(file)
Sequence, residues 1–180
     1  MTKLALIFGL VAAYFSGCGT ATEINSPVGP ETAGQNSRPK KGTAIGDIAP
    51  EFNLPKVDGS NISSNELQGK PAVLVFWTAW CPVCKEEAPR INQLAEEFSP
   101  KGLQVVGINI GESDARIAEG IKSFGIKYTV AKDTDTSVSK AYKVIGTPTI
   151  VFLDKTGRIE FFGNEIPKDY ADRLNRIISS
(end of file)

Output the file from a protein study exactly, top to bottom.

Sequence, residues 1–180
     1  MTKLALIFGL VAAYFSGCGT ATEINSPVGP ETAGQNSRPK KGTAIGDIAP
    51  EFNLPKVDGS NISSNELQGK PAVLVFWTAW CPVCKEEAPR INQLAEEFSP
   101  KGLQVVGINI GESDARIAEG IKSFGIKYTV AKDTDTSVSK AYKVIGTPTI
   151  VFLDKTGRIE FFGNEIPKDY ADRLNRIISS